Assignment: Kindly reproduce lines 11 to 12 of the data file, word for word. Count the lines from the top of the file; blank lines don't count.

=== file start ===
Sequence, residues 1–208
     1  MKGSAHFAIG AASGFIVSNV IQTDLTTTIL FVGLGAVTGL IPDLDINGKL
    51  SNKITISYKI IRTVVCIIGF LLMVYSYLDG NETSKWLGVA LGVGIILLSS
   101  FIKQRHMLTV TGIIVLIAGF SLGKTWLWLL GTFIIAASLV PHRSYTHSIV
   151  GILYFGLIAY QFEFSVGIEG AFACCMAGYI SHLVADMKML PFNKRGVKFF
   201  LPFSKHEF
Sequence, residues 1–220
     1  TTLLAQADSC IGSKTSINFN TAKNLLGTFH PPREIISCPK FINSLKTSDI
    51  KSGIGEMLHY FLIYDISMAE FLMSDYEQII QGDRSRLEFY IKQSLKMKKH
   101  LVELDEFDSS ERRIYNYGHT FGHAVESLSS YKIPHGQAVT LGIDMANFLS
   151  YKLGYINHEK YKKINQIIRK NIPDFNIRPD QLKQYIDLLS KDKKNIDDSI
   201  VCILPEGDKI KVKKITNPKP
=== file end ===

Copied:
   151  YKLGYINHEK YKKINQIIRK NIPDFNIRPD QLKQYIDLLS KDKKNIDDSI
   201  VCILPEGDKI KVKKITNPKP